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Planning and Stealth for Safety on the Jobsite
from No Compromise Issue 21
By Shadow Activist

Ever wonder how those crazy A.L.F. activists liberate animals without getting caught, shatter windows in the blink of an eye, and leap tall buildings in a single bound? The Shadow Activist knows! And in each action-packed issue of NC will explain how intrepid activists on the front-lines are making direct action work for the animals.

This column is produced independently of No Compromise. It is intended purely for entertainment, educational and other legal purposes. It is in no way meant to encourage anyone to take illegal action. No Compromise, its steering committee, volunteer staff, and other contributors assume no liability for any such actions.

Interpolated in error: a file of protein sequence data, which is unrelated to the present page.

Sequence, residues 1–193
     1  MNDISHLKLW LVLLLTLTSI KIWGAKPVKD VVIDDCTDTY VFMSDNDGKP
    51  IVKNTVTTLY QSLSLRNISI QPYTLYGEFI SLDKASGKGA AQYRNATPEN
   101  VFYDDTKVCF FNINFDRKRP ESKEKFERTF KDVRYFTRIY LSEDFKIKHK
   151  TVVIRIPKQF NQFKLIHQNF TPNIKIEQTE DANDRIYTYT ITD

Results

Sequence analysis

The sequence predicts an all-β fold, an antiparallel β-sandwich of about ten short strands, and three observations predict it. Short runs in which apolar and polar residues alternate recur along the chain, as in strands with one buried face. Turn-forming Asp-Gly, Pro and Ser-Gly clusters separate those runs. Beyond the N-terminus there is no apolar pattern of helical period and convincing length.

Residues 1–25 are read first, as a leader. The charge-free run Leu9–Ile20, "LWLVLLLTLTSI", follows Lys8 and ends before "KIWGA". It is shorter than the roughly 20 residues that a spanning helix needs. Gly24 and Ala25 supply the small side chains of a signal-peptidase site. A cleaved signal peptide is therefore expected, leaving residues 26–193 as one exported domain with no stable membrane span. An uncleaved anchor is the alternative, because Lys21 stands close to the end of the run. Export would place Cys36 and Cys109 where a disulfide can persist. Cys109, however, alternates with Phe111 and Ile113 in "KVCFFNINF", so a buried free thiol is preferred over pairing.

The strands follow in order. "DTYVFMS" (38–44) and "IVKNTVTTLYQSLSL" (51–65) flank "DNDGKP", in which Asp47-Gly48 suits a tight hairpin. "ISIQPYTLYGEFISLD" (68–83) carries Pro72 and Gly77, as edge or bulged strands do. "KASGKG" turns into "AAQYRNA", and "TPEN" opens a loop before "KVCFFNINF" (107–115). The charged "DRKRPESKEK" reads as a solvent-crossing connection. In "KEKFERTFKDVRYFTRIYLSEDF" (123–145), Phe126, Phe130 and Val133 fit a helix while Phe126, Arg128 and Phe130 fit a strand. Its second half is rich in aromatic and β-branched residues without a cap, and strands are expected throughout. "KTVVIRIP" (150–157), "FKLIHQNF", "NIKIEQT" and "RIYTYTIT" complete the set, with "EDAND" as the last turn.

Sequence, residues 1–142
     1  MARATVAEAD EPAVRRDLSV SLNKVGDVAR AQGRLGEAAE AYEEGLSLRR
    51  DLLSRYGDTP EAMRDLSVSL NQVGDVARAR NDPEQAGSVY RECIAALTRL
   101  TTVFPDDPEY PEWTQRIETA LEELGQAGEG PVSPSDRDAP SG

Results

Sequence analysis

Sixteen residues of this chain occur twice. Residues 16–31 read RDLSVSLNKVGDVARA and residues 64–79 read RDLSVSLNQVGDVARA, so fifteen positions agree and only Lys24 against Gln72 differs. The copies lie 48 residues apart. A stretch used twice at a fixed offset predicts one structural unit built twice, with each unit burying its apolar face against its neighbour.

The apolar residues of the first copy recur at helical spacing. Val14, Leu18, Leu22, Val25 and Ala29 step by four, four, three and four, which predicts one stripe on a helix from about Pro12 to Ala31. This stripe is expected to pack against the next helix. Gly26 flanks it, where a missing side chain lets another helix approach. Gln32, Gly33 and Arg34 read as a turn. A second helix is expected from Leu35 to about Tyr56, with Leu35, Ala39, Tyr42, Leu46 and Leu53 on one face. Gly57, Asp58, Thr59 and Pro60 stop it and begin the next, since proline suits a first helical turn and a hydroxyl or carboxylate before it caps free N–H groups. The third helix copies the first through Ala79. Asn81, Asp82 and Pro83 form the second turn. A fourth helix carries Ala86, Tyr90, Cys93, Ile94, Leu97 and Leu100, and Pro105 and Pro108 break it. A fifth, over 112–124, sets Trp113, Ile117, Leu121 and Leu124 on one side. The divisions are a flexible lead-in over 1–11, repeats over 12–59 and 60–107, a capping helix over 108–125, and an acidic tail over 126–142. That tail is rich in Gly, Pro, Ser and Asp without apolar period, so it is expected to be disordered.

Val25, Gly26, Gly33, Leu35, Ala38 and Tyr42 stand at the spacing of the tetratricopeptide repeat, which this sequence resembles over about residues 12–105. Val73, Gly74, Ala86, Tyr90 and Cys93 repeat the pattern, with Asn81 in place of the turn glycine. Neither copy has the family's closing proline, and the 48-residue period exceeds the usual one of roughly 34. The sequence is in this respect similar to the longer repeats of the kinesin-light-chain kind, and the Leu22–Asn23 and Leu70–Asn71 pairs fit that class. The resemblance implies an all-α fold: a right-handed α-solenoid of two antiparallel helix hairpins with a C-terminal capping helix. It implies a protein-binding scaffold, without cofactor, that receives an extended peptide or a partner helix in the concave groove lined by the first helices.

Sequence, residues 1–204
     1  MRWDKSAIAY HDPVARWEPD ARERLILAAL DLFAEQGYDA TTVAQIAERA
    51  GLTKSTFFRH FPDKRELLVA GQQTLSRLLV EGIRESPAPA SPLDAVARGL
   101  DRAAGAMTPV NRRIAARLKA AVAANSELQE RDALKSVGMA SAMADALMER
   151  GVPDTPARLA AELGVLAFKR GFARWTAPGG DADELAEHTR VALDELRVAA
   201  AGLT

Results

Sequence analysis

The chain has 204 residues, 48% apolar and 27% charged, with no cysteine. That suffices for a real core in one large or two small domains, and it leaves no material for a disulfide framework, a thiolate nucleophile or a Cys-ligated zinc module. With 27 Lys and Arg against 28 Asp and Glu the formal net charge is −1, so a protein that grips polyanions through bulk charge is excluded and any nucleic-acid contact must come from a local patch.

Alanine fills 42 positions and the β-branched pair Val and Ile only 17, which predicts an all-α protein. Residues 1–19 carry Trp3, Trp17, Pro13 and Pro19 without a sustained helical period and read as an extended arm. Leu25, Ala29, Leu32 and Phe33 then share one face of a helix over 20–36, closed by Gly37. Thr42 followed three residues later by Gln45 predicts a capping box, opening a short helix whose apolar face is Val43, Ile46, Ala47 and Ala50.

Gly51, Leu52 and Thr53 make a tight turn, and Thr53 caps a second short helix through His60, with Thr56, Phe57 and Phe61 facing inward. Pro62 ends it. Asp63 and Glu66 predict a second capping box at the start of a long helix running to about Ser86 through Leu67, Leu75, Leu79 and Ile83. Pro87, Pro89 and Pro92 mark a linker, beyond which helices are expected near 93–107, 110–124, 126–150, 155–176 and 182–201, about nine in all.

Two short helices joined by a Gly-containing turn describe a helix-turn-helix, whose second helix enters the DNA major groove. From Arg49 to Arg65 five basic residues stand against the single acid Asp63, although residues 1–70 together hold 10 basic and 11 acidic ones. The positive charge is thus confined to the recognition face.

Smart and under the radar

Perfect execution of a plan is required at direct action ‘jobsites’ these days more than ever. High-tech surveillance and a heightened alert due to ‘terrorism’ has narrowed the margin of error for direct action operatives. As a result, operatives who become the focus of police or federal attention, for any reason, typically call their ‘after hours activities’ quits for a while. Attention from federal or local authorities hinders underground activists efforts to save animals or punish animal abusers and therefore is carefully avoided.

This article will provide an overview of how operatives get in, get out, and get home SAFE to fight yet another day.

Lay of the land

Knowing the area surrounding a target is essential. Because activists never want to work in their own back yard, they will more than likely be unfamiliar with the area. They go with a fellow operative in a generic-looking car that is free of bugs (family car perhaps). They are incredibly alert when mapping the area by car. They take, at most, three laps of the area as not to be noticed. They make a note of all bars, gas stations, police stations, or any other late-night or 24hr establishment. If a map is made on paper, they guard it carefully, make sure the job is performed within the next few days, and see that the map is destroyed BEFORE the job is commenced.

Today is the day